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- What are the international relations of power that determine whose culture is packaged and marketed around the world?
Pilcher asserts that understanding the globalization of food items requires an understanding of ethnic identity which has always been linked to the foods. The group would have the same foods, eating patterns and values which mark their difference from other groups.
Mexican cuisine is a regional foodway that evolved from contact between meat-eating Spanish colonials and the primarily vegetarian indigenous population who ate primarily maize, beans, chilies and squash.
While generations of Mexicans of Spanish descent continued to eat European cooking, the local population added meat to their diets and new dishes emerged. Maize was at the core of the cuisine and indigenous cooks made tortillas, a round, flat bread, from maize.
When tortillas are rolled with a filling of cheese, meat, beans and other vegetables, they become enchiladas. When the tortilla is folded with a simple filling such as cheese or potatoes, they are called a quesadilla. Traditionally, all were made locally by hand.
Pilcher describes early Mexican American or Tex-Mex food as another regional variant of Mexican food. The food spread across the U.S. through economic development and general migration.
The mining and defense industries brought new communities to California, New Mexico and Texas where Mexican food was already in existence among the local Mexican migrant population.
Over time, the ingredients changed. Wheat started to be used for tortillas instead of maize. More meat was used in the preparation of meals because of the large herds of cattle in these areas. Mexican American cooking evolved to include Chile con Carne which was made with chili peppers, oregano and cumin. The food items spread across the southern states when workers who had learned the cooking techniques and developed a taste for the ingredients, brought them home.
Industrial food manufacturers started to produce canned Mexican American foods such as Chili con Carne which was then shipped to grocery stores across the country. In the 1950s, a technology for pressing and cooking tortillas was developed that allowed for large scale production. This had significant implications for expansion of Mexican foods into the United States.
An iconic Mexican American dish was created when the tortilla flatbread was deep fried and then bent into a U-shape, forming the taco shell. This was stuffed with lettuce, cheddar cheese, tomatoes and ground beef. Subsequently, the food industry sold ready-made taco mixes and frozen taco shells and salsa mixes. Again, these were shipped across the country to be sold in grocery stores, food stands and fast food chains. Taco Bell became the biggest Tex-Mex fast food outlet in the U.S.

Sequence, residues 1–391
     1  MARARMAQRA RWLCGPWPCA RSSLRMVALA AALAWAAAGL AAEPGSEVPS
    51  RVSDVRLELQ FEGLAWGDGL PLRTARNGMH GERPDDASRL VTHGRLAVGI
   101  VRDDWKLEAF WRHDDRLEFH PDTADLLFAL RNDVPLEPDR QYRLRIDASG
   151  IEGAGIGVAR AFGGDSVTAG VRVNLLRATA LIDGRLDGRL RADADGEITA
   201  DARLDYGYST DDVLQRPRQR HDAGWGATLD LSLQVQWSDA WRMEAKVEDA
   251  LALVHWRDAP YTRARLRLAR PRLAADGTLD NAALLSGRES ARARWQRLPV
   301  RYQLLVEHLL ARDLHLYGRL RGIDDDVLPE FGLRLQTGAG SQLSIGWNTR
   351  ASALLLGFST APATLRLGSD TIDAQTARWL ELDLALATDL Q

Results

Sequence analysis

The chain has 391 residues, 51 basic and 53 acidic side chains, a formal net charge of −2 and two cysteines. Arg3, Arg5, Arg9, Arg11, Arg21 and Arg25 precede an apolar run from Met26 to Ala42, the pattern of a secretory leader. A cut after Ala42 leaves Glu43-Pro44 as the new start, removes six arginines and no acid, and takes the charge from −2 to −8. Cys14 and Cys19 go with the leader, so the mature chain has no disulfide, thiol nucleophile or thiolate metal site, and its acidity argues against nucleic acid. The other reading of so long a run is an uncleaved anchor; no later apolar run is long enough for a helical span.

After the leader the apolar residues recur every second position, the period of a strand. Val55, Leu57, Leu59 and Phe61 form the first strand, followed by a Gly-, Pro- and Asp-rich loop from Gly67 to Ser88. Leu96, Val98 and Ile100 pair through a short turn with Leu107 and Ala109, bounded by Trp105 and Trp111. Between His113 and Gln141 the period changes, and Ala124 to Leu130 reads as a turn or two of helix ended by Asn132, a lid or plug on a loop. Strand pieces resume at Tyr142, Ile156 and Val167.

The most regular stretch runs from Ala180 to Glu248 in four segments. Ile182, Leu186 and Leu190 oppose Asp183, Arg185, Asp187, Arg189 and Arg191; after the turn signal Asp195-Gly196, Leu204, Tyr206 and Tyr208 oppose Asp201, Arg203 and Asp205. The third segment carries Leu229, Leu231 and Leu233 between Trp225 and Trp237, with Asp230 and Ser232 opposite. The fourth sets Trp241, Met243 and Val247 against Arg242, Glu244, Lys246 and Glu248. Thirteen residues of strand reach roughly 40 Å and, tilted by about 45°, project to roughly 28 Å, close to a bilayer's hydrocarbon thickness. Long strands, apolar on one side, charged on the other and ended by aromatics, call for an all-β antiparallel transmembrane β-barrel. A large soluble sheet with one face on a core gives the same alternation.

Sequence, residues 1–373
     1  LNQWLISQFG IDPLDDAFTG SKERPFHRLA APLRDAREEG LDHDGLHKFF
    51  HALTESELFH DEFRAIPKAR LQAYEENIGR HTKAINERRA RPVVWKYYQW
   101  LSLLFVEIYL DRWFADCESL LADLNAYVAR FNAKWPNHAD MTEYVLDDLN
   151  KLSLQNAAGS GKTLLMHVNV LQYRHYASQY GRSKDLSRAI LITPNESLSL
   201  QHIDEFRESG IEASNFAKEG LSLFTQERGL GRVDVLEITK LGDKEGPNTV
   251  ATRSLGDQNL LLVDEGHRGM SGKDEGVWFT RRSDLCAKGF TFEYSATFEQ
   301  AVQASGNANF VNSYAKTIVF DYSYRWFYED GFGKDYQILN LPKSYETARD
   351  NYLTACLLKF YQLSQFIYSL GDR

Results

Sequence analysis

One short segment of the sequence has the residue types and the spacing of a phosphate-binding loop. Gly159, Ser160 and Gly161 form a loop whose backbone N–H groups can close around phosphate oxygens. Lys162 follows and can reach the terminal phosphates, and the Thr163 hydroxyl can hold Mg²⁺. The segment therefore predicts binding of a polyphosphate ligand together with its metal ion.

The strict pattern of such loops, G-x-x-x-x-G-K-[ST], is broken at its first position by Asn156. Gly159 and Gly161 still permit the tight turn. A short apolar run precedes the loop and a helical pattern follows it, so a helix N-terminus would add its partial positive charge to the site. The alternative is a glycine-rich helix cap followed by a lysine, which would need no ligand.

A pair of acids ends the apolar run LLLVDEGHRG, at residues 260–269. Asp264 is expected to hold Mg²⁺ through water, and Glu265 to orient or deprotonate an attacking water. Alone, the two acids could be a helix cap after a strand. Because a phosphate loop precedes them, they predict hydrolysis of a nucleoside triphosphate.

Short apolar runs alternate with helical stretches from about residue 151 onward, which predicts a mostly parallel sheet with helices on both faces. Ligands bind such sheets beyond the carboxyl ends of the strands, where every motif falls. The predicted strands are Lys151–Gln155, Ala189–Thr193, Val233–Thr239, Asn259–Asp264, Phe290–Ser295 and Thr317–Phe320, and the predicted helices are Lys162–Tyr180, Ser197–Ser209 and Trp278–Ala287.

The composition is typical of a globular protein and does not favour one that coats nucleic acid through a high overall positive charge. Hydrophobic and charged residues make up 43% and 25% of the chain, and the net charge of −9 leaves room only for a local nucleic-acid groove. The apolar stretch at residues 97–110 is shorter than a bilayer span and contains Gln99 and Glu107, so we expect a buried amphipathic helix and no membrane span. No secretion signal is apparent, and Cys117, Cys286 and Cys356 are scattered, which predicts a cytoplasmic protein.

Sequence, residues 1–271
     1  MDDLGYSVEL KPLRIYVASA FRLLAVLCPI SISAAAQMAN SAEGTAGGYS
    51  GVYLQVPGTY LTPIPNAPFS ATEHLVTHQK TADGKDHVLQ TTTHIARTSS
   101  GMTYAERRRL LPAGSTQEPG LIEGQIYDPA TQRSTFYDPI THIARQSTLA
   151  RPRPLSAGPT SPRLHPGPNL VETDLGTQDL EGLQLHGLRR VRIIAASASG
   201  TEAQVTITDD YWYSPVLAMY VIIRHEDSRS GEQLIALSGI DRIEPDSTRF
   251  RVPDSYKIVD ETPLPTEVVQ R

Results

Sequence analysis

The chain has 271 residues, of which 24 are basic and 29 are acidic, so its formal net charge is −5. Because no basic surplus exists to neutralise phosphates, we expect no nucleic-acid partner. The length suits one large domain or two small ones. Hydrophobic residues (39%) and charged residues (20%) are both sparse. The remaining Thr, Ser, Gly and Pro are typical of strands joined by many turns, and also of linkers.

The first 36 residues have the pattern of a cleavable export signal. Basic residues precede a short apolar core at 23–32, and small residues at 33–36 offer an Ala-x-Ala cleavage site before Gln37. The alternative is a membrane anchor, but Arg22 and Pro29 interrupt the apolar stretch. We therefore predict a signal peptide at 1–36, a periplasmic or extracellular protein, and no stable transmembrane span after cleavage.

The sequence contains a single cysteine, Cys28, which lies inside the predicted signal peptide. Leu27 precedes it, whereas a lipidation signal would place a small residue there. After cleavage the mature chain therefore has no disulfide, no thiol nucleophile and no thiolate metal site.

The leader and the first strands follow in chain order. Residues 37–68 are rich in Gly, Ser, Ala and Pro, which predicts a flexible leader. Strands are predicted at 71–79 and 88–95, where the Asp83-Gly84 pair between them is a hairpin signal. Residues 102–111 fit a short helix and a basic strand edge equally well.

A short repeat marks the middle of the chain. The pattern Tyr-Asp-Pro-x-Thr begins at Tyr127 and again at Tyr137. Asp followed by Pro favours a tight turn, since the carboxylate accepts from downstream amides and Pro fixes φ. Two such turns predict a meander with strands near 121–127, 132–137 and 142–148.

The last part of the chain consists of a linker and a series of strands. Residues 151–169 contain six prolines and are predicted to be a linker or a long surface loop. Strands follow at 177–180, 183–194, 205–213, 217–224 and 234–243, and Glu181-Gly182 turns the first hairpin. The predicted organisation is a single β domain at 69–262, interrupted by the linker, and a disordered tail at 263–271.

Mexican food moved to Europe. In the 1980s, a Paris restaurant baked tortillas with French wheat and made spicy Tex-Mex dishes for Algerians in the Paris suburbs. By the late 1980s, the French had developed a taste for Tex-Mex food and restaurants opened in the trendier areas of Paris. Taco kits were sold in a specialized food store in Paris.
Similarly, one Tex-Mex restaurant opened in in the mid-1980s in Osaka Japan. By the 1990s, Tex-Mex ingredients started to appear in grocery stores. In the 1990s, Tex-Mex restaurants opened in London and Budapest.
By the 1990s Tex-Mex had gone global. Some Mexican chefs tried to overcome the strong stereotypes evoked by these dishes and worked on introducing global consumers to regional Mexican cuisine. They applied contemporary culinary trends to Mexican cuisine and brought the new vision to restaurants in global cities like New York, Paris and Tokyo.
From reviewing Picher’s discussion, we can conclude that 20th century, industrialized food technology, complex distribution techniques, migration patterns and cultural shifts contributed to the emergence of globalized Mexican food.
Jeffrey M. Pilcher (2009), “Eating Mexican in a Global Age: The Politics and Production of Ethnic Food” in (eds) Belasco & Horowitz, Food Chains: From Farmyard to Shopping Carts, Philadelphia: University of Pennsylvania Press; Alan Davidson (1999) The Oxford Companion to Food, Oxford University Press, Oxford, U.K.